Accuracy of acute otitis media diagnosis in community and hospital settings Academic Article uri icon


  • Aim: To evaluate the accuracy rates of acute otitis media (AOM) diagnosis in the community by analyzing the initial AOM diagnosis (according to information from the referral letters to the Pediatric Emergency Department [PED]) among children with AOM diagnosis confirmed by tympanocentesis at PED. Methods: A descriptive, retrospective study conducted during the year 2000, including 590 children aged 0–48 mo diagnosed with AOM at PED. AOM was confirmed by tympanocentesis. We defined: (1) simple AOM as <3 or <4 episodes during the last 6 or 12 mo, respectively; (2) complicated AOM as 3 or 4 episodes during the last 6 or 12 mo, respectively, and/or not improving with antibiotics. Results: 571 (96.8%) were <24 mo of age; 355 (60%) were Arab Bedouins and 235 (40%) Jews. Seventy-three pediatricians, 57 general practitioners and 27 family practitioners provided referral letters. Information on disease severity was available in 471/590 (79.8%) patients, of whom 320 (68%) had simple and 151 (32%) complicated AOM. Three hundred and sixty-five (62%) of 590 patients were accurately diagnosed by referring physicians, more frequently in patients with complicated than simple AOM ( p<0.001). Diagnostic accuracy was similar among physician specialties ( p=0.33) and ethnic groups ( p=0.11). Multivariable logistic regression analysis showed that complicated AOM, adjusted for age, sex, ethnic origin, and physician specialty, was the only predictive factor for accurate AOM diagnosis (odds ratio 4.0, p<0.001). Conclusions: Inaccurate diagnosis of AOM in community settings is common, occurring more frequently in simple than in complicated AOM, and is unrelated to physician specialty and children's ethnicity.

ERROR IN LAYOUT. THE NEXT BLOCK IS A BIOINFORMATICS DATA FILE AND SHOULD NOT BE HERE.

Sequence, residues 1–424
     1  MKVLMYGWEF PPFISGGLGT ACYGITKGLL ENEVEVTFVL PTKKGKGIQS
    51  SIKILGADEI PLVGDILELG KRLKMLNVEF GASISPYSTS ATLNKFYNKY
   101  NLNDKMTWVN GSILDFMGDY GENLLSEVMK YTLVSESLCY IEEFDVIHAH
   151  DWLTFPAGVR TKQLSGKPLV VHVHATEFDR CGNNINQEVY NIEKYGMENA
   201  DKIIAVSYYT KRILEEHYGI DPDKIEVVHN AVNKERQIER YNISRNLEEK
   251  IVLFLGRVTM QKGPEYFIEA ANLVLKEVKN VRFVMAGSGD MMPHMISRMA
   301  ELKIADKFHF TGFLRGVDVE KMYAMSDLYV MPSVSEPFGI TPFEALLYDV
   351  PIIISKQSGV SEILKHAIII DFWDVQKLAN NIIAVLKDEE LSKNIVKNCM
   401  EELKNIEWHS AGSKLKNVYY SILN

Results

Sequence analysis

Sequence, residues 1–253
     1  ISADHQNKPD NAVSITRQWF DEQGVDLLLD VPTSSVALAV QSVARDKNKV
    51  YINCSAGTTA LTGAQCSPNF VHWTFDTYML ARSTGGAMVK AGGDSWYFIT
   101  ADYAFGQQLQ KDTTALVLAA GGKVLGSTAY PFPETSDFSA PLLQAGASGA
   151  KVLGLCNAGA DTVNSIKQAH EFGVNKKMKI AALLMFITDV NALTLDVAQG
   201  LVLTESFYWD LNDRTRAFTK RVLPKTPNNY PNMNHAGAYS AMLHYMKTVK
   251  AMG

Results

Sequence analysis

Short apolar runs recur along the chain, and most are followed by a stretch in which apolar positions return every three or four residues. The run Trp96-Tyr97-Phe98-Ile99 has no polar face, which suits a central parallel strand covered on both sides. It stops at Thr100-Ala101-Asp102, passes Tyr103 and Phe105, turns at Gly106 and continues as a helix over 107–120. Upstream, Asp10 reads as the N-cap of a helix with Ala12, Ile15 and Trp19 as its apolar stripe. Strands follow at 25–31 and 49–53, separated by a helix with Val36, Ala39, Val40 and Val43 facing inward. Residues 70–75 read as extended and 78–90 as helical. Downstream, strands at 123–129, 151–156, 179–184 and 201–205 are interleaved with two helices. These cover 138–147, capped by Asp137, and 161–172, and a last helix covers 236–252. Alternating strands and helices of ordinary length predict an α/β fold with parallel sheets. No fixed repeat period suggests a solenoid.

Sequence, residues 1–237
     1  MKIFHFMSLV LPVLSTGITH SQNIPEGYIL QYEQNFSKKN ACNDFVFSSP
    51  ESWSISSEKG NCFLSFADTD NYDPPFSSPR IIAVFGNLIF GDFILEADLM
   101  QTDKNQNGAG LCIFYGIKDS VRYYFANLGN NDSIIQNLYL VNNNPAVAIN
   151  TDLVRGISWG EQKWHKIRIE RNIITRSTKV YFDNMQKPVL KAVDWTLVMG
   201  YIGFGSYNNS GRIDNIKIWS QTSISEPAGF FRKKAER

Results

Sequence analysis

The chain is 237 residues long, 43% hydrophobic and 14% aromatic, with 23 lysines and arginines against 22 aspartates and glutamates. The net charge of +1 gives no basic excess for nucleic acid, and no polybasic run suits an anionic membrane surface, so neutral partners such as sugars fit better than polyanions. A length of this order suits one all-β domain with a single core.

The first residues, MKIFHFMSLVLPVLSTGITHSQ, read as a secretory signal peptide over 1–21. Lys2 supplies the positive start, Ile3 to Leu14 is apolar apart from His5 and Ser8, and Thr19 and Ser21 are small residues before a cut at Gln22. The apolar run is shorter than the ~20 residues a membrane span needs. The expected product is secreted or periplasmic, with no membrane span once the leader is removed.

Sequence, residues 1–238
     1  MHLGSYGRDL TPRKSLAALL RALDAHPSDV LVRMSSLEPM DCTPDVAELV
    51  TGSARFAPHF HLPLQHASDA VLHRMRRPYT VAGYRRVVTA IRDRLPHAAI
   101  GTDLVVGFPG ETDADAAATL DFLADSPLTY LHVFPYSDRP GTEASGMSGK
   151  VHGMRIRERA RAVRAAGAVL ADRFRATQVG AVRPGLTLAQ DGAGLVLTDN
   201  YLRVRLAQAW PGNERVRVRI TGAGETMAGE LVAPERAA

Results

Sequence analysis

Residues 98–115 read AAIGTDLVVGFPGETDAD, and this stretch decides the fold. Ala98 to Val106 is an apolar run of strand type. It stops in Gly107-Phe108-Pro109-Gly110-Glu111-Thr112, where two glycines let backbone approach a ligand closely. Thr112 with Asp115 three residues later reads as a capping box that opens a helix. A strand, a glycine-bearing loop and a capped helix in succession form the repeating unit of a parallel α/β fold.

publication date

  • January 1, 2007